“A B.C. government, led by me, will officially adopt the United Nations Declaration on the Rights of Indigenous Peoples…I will work with you to align the actions of my government with the Declaration.” – NDP leader John Horgan, prior to the 2017 provincial election
“It is well established that statements by elected representatives do not fetter decision makers, nor do political speeches constitute legally enforceable promises against the Crown.” – the Government of British Columbia’s written submission to the Site C injunction hearing
BC Premier John Horgan has said many fine words about upholding the rights of Indigenous peoples. He made these promises while running for office and he has repeatedly affirmed them since becoming Premier. But in the most significant test to date of the veracity and integrity of these commitments — the arguments now being made in front of the crucially important Site C injunction hearing — Premier Horgan’s government has done the very opposite of what it promised.
The BC government’s submissions, which are available to be read on line, explicitly recognize that “construction and operation of Site C will result in adverse impact to the exercise of Treaty rights.” But rather than committing to work with First Nations to ensure that those rights are protected in a meaningful and lasting way, the province talks only about offering financial compensation; something that the West Moberly and Prophet River First Nations have already rejected as irrelevant to their concerns. As West Moberly’s legal counsel stated in court this week, “First Nations did not enter into Treaties with the Crown so they could have compensation once their way of life was destroyed, but to ensure protection of that way of life.”
The province then goes on to set out a series of legal defences as to why BC Hydro should be allowed to continue construction of the Site C even while the underlying issue of whether it unjustifiably violates the Treaty rights of First Nations is still before the courts.
These arguments, if upheld, could have far reaching negative implications for human rights in BC and across Canada, including undermining the power of Treaties to protect the rights of Indigenous peoples, making it even more difficult for Indigenous peoples to obtain justice, and further shielding government from the oversight and scrutiny of the courts.
This is all a far cry from the Premier’s promise not only to uphold Treaty rights, but to apply the rigorous standard of protection set out in international human rights instruments like the UN Declaration on the Rights of Indigenous Peoples.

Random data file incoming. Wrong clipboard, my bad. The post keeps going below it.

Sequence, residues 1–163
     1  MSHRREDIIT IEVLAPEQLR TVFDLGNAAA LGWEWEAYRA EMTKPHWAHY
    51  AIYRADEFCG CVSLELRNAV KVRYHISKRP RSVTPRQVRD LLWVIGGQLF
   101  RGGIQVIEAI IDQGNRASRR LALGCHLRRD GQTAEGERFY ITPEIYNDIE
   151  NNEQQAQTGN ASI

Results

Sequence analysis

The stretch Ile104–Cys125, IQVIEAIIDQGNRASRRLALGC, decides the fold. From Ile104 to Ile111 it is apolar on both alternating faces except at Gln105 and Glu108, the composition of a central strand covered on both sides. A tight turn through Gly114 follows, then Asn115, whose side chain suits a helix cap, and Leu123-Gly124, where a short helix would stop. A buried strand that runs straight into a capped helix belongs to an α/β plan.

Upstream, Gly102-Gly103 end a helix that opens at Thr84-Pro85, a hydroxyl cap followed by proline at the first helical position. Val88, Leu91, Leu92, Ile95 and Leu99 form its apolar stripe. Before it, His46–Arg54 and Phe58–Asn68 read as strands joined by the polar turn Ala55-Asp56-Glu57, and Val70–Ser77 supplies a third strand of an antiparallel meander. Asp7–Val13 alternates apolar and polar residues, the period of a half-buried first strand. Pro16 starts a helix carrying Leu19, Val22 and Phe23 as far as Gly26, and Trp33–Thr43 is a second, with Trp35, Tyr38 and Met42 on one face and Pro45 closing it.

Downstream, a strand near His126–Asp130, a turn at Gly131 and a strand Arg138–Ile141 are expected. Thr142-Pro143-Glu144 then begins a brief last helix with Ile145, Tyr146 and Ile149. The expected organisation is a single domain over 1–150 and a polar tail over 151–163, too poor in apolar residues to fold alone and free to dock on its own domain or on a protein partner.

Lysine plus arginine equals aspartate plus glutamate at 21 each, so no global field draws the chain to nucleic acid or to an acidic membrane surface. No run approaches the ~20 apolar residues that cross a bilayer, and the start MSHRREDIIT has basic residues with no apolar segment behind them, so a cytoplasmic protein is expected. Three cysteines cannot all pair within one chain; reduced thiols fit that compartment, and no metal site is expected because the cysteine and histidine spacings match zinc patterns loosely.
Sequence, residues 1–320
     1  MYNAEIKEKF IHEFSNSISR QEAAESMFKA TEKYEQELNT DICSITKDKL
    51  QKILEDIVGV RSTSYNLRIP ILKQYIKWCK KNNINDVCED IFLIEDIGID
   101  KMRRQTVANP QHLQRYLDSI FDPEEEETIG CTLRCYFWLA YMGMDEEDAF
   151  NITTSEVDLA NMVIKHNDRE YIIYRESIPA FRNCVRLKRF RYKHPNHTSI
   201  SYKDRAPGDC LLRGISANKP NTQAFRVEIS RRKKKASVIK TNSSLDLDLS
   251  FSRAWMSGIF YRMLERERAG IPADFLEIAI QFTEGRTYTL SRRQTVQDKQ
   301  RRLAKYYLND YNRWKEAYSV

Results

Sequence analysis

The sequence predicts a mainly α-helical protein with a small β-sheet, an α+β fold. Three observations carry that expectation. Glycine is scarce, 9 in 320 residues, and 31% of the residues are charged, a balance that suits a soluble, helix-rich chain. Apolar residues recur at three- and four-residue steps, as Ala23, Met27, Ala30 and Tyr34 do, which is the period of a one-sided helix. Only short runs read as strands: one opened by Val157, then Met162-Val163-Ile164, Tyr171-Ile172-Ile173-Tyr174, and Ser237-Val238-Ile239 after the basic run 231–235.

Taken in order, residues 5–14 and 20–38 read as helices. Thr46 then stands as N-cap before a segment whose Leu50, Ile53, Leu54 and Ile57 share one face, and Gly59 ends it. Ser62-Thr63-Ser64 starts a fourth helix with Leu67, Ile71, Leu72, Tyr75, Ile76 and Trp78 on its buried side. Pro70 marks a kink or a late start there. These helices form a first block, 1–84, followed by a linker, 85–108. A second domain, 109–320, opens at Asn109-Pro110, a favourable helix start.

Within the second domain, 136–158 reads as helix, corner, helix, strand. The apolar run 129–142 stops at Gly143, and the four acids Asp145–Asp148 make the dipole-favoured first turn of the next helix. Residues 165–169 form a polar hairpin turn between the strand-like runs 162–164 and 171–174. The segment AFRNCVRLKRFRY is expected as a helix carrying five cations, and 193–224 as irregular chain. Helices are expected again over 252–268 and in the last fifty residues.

But as the quotation above indicates, BC’s written submission actually states that First Nations should never have relied on the Premier to keep his promises in the first place.
There are times when we expect lawyers to use every argument at their disposal to advance the interests of their client. But when lawyers are in court to represent the public, and issues as fundamental as Treaty rights and regard for international human rights obligations are at stake, the arguments must be consistent with the basic obligation of governments to promote human rights and to pursue reconciliation — and certainly must not in anyway undermine rights or extend and deepen conflicts with Indigenous peoples.
Below is a quick outline of some of the aspects of the province’s argument that Amnesty International finds to be particularly troubling.
1. The BC government would exclude Indigenous history, culture, traditions and law from the interpretation of the Treaty
West Moberly’s written submission provides a powerful account of why the Treaties are not mere contracts, but solemn agreements between nations that must be honoured and upheld according to their original spirit and intent.
Treaty 8, like many of the other Treaties of its era, includes in its written text a provision that the Crown can “take up” land “from time to time” for its own purposes. According to the courts, this means that government actions that disrupt the ability of First Nations to practice their Treaty rights in a particular part of their traditional territories may not be a violation of the Treaty if the First Nations can still “meaningfully” exercise their rights elsewhere in their traditional territories.
In the 2004 Mikisew decision – which concerned First Nations in Alberta but the same Treaty that is at stake in the Site C case – the Supreme Court said, “If the time comes that in the case of a particular Treaty 8 First Nation no meaningful right to hunt remains over its traditional territories” the promises made in the Treaty “would clearly be in question.”
West Moberly and Prophet River are arguing that with Site C that time has come.
In their submissions to the court, the First Nations argue that the Peace Valley has such historic, cultural and ecological significance that its preservation from further harm is essential to ensuring that they can meaningfully exercise their Treaty rights.
Here’s part of what West Moberly said in its written submission:
The Peace River is “the network that tied the people and territory together… the Peace River connected the Dunne-Za people and was central to their survival, cultural practices, gatherings and way of life… With construction and operation of Site C, absolute transformation of the Peace, the main artery of the territory, will be complete.”
In an extraordinarily narrow interpretation of what it means to be a Treaty partner, the BC government is claiming instead that the province has no legal obligation to protect the areas of greatest historical, cultural and ecological significance to people of West Moberly. The government writes, “Treaty 8 does not provide for the exercise of rights at specific or ‘preferred’ locations.”